7 Evidences We Might Be Stuck In The Christian Bubble

It’s a problem for many of us. In fact, I contend that for most of us, the longer we’re in church and the higher we go up the Christian ladder, the more likely it is that we’re stuck in the Christian bubble. Beginning with me, we need to recognize some of the signs that we’ve insulated ourselves from a world we’re called to reach:

  1. Most of our prayers are about Christians, not non-believers. For some of us, all of our prayers are focused on brothers and sisters in Christ. And, even as we pray for those believers, we focus more on their physical needs than their spiritual needs. I fear we simply don’t think much about others and their walk with God.
  2. We can’t name five non-believers with whom we have a genuine relationship. I don’t mean superficial friendships; rather, I’m talking about real relationships built on God’s love that compels us to tell others about Jesus. The number “5” is arbitrary, of course, but I trust you get my point.
  3. We try our best to avoid any interaction with the world. I realize that’s almost impossible to do, and I grant there are good reasons not to put ourselves under ungodly influences—but some of us work so hard to escape non-believers that we offer no threat to the Enemy.

Read more: http://chucklawless.com/2019/07/7-evidences-you-might-be-stuck-in-the-christian-bubble/


If Your Local Church Disappeared Would You Notice?


What I Wish I Knew Sixteen Years Ago About Sharing The Good News With Mormons



A Broadcast with R.C. Sproul

Many people who reject Christianity are actually rejecting a distortion of the faith. From his series Defending Your Faith, R.C. Sproul explains why we must correct wrong assumptions about what we believe.

The Parable of Sower and Frank Turek on Why People Reject God


Why Attentive Listening Is Essential for the Witness of the Church Today

“In our minds holiness is usually about what we abstain from. But Jesus saw holiness as what you give yourself to. Namely mercy, love and hospitality. In the end, the holiest person is the one who loves well.” —Rich Villodas

Holiness Begins Not With Abstinence But Sharing in Christ.

We habitually associate holiness with the act of abstinence. After all, holiness in the Scripture is linked to avoiding things that can contaminate our body and spirit (Lev. 11:44; 2 Cor. 7:1).

But holiness is first and foremost an attribute of God. “Be holy, because I am holy” (1 Pet. 1:16, Lev. 11:44-45) is not God’s demand for us to practice an outward imitation as morally superior people; it is a statement of who we are in Christ as a result of our union with him.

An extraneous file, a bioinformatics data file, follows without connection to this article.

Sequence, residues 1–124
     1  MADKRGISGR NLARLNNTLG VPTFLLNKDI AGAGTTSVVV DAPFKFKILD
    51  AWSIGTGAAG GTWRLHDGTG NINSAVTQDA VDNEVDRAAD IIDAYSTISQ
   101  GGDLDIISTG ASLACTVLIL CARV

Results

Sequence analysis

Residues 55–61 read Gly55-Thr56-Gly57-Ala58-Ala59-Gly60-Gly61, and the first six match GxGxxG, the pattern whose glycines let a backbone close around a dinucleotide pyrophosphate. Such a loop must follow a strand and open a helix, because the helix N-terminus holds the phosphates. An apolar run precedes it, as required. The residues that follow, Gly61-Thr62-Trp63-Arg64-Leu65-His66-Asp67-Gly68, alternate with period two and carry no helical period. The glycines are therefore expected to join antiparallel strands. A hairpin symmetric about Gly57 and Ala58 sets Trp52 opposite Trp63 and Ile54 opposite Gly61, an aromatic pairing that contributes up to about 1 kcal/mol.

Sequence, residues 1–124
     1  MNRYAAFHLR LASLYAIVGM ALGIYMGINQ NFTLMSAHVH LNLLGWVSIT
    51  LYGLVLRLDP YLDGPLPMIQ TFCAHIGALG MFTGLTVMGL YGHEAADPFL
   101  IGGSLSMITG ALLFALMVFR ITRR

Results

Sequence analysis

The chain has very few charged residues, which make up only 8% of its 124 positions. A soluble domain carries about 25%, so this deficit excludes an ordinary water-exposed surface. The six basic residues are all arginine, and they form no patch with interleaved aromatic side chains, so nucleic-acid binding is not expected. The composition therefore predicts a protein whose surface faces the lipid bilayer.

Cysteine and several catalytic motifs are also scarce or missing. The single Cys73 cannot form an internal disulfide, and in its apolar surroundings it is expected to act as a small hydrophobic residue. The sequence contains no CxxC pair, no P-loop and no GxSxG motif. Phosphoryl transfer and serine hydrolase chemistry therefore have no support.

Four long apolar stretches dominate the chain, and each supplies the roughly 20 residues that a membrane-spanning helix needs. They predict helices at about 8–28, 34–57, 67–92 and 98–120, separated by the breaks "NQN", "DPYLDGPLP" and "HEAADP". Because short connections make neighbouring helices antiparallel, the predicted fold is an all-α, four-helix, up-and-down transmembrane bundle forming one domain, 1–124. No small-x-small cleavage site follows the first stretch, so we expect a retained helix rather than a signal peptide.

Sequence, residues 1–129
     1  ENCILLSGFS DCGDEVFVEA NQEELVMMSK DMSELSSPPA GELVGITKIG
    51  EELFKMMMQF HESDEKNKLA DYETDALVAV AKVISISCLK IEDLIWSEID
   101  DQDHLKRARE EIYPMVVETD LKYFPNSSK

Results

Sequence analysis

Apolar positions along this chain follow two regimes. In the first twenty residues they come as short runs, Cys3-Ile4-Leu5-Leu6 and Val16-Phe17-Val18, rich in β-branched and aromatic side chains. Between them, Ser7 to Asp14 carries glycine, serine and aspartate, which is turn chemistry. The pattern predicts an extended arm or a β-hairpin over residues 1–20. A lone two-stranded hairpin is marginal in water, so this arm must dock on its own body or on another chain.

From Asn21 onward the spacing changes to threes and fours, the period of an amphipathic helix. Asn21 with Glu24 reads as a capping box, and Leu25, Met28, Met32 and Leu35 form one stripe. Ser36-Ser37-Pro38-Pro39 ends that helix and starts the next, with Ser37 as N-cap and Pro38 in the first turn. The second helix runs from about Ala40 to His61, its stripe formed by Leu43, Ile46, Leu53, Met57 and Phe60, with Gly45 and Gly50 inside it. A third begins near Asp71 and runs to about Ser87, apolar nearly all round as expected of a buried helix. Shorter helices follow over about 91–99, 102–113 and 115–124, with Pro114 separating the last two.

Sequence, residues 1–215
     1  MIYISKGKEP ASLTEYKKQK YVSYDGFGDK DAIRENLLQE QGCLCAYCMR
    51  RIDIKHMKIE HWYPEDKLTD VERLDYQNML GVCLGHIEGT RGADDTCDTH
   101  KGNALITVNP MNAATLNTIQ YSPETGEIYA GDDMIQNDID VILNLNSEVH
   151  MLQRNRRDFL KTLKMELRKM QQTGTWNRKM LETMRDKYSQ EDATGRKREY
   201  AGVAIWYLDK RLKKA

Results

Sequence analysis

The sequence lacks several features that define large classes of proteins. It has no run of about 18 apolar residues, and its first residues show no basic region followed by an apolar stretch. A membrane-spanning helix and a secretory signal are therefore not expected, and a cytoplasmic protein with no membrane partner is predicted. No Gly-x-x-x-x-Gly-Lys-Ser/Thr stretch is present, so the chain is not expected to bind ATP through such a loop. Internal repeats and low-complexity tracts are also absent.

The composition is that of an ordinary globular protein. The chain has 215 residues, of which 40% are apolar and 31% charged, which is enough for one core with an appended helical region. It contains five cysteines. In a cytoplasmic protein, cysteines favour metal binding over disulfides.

Our holiness does not originate from an act of abstinence, it begins with the act of sharing. We share in Christ and partake of him (Heb. 3:14, 2 Pet. 1:4). Holiness starts from us sharing God’s holiness (Heb. 12:10). It is not a bunch of “do-not”s that resembles the foolish list of “Do not handle! Do not taste! Do not touch!”(Col. 2:21). It is no surprise John Wesley defined holiness as “perfect love” while J.C. Ryle described holiness as “the habit of being of one mind with God”—both indicate a type of unity and harmony with God.

The rest is at: https://outreachmagazine.com/features/discipleship/37155-why-attentive-listening-is-essential-for-the-witness-of-the-church-today.html

One Reason We Struggle With Evangelism

~ Mike Leake

I’ve been slowly working my way through the works of Francis Schaeffer. What I read this morning was deeply convicting. Schaeffer was discussing his strategy of “taking the roof off” the lives of unbelievers. By doing this, he knew that his goal was to lead a person to despair. He wrestled with this a bit but came to the conclusion that if Christianity is true then it’s the most loving thing to do. Here are his words:

We cannot do this until we have personally faced the question as to whether the Judeo-Christian system is true in the way we have been speaking of truth. When we are certain about this for ourselves, then if we love men we shall have the courage to life the roof off other people’s lives and expose them to the collapse of their defenses. We ourselves, as we face these people, must have the integrity to continue to live open to the questions: Does God exist? Is the content of the Judeo-Christian system truth? (Schaeffer, 144)

This was convicting to me because I had to confess one of the reasons why I sometimes struggle with evangelism is because of a lurking and nagging unbelief. I’m convinced that many of us functionally have nothing more than a Pascal’s wager faith. What do I mean by that? I mean a faith which is merely hedging our bets.

If you aren’t familiar with it, this is Pascal’s wager. There are four basic options:

  • Option #1: You believe and God does exist. This leads to infinite gain.
  • Option #2: You believe and God does not exist. This leads (according to Paschal) to minimal loss.
  • Option #3: You don’t believe and God does exist. This leads to infinite loss.
  • Option #4: You don’t believe and God does not exist. This leads to minimal gain.